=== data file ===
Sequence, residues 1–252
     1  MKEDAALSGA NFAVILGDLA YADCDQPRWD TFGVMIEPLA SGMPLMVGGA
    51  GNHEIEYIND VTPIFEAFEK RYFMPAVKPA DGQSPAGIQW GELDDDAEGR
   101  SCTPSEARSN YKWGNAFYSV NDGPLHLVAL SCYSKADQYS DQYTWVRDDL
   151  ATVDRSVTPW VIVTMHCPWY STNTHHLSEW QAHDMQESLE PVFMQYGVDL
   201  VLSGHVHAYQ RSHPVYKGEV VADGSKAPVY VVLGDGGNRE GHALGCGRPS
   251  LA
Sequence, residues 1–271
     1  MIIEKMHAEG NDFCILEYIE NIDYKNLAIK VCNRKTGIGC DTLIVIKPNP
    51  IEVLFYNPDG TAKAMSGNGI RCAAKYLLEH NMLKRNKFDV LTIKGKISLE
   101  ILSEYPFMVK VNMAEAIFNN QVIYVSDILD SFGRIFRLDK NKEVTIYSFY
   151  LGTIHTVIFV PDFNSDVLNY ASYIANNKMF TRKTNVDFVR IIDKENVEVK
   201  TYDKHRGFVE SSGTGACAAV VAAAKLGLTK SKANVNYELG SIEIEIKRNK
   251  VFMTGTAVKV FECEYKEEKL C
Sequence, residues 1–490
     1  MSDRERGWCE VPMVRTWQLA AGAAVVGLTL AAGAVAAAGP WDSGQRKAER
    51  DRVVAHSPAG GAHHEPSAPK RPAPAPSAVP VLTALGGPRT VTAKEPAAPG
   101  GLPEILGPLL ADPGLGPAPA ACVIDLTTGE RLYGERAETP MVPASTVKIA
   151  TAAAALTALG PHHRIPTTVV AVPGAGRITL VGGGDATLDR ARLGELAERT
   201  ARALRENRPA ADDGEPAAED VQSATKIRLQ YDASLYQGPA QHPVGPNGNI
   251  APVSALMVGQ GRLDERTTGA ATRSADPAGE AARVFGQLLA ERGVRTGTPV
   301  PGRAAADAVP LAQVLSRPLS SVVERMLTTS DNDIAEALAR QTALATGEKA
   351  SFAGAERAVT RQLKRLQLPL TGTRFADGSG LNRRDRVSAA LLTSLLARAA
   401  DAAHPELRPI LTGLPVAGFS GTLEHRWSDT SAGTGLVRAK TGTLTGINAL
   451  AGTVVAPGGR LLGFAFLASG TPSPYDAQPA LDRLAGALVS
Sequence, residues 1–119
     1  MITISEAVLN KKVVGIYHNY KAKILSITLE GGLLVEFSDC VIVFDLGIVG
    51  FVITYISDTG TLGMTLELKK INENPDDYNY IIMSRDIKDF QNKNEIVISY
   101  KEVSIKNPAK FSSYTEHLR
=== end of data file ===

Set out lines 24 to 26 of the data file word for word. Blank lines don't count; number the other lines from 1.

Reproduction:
   401  DAAHPELRPI LTGLPVAGFS GTLEHRWSDT SAGTGLVRAK TGTLTGINAL
   451  AGTVVAPGGR LLGFAFLASG TPSPYDAQPA LDRLAGALVS
Sequence, residues 1–119